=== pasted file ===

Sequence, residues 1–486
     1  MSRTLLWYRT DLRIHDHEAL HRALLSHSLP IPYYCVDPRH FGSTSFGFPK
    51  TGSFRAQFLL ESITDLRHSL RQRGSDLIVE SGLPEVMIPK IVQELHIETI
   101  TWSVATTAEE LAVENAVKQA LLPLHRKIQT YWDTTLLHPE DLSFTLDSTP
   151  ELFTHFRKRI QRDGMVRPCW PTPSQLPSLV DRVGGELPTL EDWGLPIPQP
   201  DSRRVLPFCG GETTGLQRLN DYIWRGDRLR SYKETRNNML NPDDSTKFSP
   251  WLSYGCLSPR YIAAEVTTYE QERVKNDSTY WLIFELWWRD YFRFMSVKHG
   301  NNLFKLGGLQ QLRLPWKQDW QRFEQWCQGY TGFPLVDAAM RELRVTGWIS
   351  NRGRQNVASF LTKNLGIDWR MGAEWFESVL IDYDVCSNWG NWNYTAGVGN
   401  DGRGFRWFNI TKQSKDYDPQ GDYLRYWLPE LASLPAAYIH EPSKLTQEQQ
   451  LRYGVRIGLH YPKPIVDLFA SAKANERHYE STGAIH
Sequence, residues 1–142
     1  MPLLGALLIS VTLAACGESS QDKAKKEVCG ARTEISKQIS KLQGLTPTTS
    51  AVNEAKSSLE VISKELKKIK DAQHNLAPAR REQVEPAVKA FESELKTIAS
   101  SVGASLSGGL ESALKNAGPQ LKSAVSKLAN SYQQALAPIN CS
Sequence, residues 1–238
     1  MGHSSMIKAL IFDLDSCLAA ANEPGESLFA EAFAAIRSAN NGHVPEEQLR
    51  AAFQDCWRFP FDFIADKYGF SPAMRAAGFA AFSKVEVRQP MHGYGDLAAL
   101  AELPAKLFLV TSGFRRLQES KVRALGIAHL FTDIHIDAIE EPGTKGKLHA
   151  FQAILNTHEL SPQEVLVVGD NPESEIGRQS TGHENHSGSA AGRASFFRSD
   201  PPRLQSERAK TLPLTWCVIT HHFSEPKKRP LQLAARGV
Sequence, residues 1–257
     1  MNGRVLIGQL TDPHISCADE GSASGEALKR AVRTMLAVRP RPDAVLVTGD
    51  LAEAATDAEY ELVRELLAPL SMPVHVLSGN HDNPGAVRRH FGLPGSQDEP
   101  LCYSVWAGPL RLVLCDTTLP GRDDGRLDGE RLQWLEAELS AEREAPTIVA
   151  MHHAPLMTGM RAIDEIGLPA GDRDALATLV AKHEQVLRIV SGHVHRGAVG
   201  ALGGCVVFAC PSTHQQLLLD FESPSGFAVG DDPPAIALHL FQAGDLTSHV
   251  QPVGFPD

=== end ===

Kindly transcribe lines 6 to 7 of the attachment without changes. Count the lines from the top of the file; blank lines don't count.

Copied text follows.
   201  DSRRVLPFCG GETTGLQRLN DYIWRGDRLR SYKETRNNML NPDDSTKFSP
   251  WLSYGCLSPR YIAAEVTTYE QERVKNDSTY WLIFELWWRD YFRFMSVKHG